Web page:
It all started with a wicked problem and an ambitious goal.
In late 2011, the Mental Health Commission of Canada commissioned “Turning the Key,” a report designed to inform Canadians about the current housing and community support needs of people living with mental health challenges in Canada.
The report’s findings were clear: There are too many Canadians with mental health issues who cannot find homes. Hundreds of thousands of our neighbours are inadequately housed, and 119,000 of our fellow citizens who face mental health challenges are homeless.
There is a powerful moral and economic imperative for action. Canadians with mental health challenges can face grim living conditions, including chronic health challenges, extensive use of emergency rooms and greater risk of imprisonment. The economic cost is unsustainable. Collectively, we are accumulating hundreds of millions of dollars in lost productivity, increased healthcare costs and remedial costs (such as for prisons).
An ambitious goal: 100,000 housing units over 10 years
It is clearly a wicked problem, and the solutions are relatively simple. We need to create affordable housing for individuals living with mental health issues, while also ensuring that adequate income supports are available for this type of housing. The report set an ambitious goal: developing and funding 100,000 supportive housing units and related supports over the next 10 years. A monumental commitment of policy, capital and sheer determination is required to meet this objective.
One pre-determined pathway to support this objective is social finance.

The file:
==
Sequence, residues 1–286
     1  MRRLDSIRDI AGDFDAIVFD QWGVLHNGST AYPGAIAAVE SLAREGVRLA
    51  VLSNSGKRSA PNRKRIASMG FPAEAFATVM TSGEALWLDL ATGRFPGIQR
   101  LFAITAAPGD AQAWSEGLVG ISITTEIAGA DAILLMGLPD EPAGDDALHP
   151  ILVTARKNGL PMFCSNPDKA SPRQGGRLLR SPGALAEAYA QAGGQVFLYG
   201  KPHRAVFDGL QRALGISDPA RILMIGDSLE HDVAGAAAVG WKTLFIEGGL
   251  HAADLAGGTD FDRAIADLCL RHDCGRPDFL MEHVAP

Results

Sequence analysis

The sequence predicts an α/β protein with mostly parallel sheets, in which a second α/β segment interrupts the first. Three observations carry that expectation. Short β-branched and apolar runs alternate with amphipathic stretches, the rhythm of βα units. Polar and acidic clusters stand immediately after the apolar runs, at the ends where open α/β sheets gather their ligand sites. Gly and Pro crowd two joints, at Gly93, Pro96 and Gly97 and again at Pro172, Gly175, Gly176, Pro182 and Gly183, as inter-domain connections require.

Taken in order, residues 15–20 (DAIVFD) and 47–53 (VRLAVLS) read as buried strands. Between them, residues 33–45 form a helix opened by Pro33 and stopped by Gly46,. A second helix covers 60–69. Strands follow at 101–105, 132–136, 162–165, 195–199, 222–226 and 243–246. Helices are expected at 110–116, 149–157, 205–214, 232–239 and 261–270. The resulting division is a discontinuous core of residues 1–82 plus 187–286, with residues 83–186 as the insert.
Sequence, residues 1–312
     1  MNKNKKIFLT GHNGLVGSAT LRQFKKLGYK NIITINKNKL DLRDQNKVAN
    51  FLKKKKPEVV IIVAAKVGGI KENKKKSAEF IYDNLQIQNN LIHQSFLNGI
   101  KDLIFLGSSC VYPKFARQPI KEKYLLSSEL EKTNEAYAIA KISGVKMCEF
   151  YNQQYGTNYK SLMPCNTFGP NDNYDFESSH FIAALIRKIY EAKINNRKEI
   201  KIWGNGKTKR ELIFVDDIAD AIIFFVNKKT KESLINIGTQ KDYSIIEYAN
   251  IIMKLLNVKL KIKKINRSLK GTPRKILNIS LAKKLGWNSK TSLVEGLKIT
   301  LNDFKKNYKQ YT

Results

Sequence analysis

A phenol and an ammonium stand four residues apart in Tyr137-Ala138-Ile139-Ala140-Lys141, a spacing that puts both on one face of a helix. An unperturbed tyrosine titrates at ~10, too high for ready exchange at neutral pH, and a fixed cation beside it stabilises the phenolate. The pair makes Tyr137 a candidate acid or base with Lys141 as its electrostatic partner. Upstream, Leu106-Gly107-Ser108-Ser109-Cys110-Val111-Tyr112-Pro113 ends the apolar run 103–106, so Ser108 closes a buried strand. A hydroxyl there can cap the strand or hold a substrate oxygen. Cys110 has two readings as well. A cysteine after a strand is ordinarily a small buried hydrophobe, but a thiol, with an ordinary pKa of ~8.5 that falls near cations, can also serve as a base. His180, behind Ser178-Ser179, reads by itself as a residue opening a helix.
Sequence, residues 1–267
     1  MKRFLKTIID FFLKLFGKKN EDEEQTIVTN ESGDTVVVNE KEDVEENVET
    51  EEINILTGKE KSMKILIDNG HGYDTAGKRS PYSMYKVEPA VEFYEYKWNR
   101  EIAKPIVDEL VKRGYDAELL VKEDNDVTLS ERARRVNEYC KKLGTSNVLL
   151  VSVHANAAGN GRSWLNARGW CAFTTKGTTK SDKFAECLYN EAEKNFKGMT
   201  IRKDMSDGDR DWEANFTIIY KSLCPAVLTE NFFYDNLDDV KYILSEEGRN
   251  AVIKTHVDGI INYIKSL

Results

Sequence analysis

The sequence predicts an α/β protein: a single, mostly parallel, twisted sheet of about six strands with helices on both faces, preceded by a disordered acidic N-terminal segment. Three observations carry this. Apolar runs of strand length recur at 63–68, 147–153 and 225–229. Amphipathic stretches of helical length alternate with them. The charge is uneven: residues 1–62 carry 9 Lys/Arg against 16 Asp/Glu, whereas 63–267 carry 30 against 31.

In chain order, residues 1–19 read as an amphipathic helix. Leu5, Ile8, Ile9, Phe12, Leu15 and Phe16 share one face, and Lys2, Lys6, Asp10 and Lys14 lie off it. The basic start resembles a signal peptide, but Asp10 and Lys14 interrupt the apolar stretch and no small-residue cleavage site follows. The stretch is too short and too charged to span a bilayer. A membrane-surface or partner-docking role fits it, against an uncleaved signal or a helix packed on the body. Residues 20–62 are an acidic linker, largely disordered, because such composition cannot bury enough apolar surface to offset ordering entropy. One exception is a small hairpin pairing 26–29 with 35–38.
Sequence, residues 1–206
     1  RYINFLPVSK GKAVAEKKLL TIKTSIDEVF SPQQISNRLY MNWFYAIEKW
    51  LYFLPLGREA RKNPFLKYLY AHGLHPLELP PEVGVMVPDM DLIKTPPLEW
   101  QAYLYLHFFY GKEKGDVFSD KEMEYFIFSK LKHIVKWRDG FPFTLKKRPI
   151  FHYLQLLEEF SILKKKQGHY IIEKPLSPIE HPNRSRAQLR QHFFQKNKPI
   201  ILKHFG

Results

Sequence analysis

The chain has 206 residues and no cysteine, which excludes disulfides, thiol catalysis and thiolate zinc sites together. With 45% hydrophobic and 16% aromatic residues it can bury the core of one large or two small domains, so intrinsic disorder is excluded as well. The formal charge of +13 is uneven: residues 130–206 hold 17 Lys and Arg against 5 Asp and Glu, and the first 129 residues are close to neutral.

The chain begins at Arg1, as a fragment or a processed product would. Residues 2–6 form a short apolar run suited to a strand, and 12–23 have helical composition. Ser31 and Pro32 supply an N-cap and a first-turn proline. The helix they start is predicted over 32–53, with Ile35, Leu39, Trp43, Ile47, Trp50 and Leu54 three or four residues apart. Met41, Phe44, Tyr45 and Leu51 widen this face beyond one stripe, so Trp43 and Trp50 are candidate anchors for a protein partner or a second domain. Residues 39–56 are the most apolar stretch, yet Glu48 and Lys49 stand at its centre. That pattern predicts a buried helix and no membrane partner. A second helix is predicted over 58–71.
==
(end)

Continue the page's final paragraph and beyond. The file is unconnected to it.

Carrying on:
The Social Finance Working Group
A number of supportive housing providers in Canada struck a Social Finance Working Group in the spring of 2012 to explore social finance opportunities in the supportive housing sector. The objective of their Blended Financing for Impact project was to provide a clear pathway for supportive housing providers to learn about and engage in alternative methods of financing for improving and developing new dedicated housing units in Canada. The project was co-ordinated by the MaRS Centre for Impact Investing and Housing Services Corporation, and was led by a number of supportive housing providers and mental health organizations in Canada.
The Blended Financing for Impact report:
So why is social finance relevant for supportive housing?
There are a number of factors that drive interest in social finance.
What are potential actions?
The report outlines 10 priority actions (and a comprehensive list of other actions) for all levels of government, housing providers and potential investors to expand capital availability, allow for scaling and sharing of successful models, increase financial capacity and expertise for governments and providers, decrease operating and capital costs, and increase the ability of housing providers to earn revenues, without significant financial impact to government treasuries or the bottom line of community organizations.
Some examples of priority actions follow.
If you would like to learn more, please visit SocialFinance.ca to access the project toolkit.